Gallup is tracking a new measure in its polls this year — what it calls “intensity scores.” It’s a measure that editor in chief Frank Newport thinks could be crucial in predicting the results of the election.
And in its latest findings, Gallup shows that the polarization of political America is quite eye-opening.
On one hand, there is all-but-certain Republican nominee Mitt Romney, who has a 51-point gap in party intensity scores. Romney’s positive intensity score with Republicans is +21, meaning there is a 21-point gap between Republicans that view him strongly favourably vs. those who view him strongly unfavorably.
The Republican primary season, it appears, has strengthened Romney with the party base but has perhaps pushed more moderate Democrats away. Republicans began to rally around Romney after Rick Santorum dropped his bid for President. His positive intensity score has jumped eight points in a month.
On the other hand is Barack Obama. The polarization is even more stark here. With Republicans, it’s a -47 score. With Democrats, it’s +36.
From December to April, his rating has remained virtually unchanged among Republicans and those who lean Republican. But among Democrats, he appears to be evoking some more strong emotion — crucial for getting voters out to the polls in November.
Why are these numbers important? Newport explained last week:
“A lot of voting is instinctual, based on patterns, and it can be just related to one’s broad impression of the candidate,” he said.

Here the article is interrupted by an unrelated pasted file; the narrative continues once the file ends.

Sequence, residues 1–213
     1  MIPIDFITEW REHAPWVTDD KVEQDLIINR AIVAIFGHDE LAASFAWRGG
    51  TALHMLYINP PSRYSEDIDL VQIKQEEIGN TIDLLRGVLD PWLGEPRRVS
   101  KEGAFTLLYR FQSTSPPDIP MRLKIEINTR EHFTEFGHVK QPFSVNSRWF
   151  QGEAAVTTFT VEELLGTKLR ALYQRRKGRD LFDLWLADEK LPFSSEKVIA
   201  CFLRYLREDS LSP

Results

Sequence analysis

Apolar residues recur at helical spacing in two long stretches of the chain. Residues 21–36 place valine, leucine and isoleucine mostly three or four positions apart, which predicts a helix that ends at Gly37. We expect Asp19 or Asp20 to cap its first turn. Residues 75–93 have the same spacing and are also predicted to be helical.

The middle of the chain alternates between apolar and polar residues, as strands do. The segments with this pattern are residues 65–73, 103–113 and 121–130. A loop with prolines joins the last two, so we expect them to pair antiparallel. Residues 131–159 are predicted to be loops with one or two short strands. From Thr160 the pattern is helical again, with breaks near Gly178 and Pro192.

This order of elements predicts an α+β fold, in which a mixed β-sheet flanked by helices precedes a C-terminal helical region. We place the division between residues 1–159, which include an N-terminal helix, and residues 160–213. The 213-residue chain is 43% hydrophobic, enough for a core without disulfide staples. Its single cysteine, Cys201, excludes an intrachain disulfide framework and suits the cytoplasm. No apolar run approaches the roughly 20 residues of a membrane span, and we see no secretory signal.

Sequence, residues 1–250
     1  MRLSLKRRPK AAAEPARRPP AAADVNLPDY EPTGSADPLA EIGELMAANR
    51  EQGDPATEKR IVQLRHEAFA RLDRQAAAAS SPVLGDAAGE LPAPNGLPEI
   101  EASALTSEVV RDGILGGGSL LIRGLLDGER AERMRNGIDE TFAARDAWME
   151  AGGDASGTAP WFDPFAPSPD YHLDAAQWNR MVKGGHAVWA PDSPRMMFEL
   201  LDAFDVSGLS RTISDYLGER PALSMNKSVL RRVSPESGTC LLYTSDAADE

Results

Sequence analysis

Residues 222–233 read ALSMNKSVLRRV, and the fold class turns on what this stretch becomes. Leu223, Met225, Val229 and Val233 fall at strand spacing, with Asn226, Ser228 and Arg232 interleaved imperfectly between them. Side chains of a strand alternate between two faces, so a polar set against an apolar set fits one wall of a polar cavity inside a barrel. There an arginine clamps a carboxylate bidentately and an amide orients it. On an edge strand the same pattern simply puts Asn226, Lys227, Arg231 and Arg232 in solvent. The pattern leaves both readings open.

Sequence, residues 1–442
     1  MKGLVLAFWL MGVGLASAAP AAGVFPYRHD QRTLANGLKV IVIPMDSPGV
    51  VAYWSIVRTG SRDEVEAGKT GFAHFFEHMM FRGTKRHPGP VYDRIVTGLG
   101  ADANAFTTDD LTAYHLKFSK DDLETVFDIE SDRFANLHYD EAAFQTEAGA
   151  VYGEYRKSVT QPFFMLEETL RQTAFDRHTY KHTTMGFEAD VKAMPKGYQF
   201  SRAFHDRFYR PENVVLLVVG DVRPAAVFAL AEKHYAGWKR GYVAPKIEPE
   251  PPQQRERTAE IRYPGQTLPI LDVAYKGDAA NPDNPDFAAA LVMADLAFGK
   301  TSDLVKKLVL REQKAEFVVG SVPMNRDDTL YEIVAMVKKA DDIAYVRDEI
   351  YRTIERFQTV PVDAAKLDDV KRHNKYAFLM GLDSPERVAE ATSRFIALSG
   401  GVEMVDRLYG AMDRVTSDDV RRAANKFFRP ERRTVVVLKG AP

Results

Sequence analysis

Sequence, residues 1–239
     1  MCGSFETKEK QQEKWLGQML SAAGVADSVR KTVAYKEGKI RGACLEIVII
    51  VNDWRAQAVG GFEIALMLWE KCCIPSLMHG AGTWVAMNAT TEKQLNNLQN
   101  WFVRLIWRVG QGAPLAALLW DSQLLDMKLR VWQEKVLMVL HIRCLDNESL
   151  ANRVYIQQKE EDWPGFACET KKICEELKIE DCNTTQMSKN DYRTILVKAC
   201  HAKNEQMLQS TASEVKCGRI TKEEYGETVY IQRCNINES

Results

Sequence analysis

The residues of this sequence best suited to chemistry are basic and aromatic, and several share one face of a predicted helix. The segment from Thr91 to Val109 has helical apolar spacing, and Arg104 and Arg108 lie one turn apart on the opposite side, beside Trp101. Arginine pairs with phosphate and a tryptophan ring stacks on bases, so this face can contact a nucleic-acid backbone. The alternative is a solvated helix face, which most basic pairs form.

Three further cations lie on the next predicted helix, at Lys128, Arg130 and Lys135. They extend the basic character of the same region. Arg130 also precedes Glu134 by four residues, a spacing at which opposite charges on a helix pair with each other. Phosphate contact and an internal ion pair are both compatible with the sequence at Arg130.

That Obama inspires such varied strong emotions to his campaign could work both for and against him. On one hand, it could inspire his supporters to get out and vote. On another, it could inspire his opponents to go out and vote, regardless of their feelings for the opposing candidate.
“If you have strong negative emotion, it can drive your opponent’s voters to turn out,” Newport said. “It can work both ways. It’s a good insight. Barack Obama may have the ability to generate intense, strong emotions among his followers. But he also generates some strong negative emotions among people on the other side.”
Finally, a look at the consensus opinions of Americans about both candidates suggests that neither has a real edge this fall.
The Gallup daily tracking poll on Monday showed Obama with a 47 to 44 per cent lead over Romney if the election were held today. But that only shows the extreme unpredictability of polls this time of year. Last week, Romney led 47 to 45.
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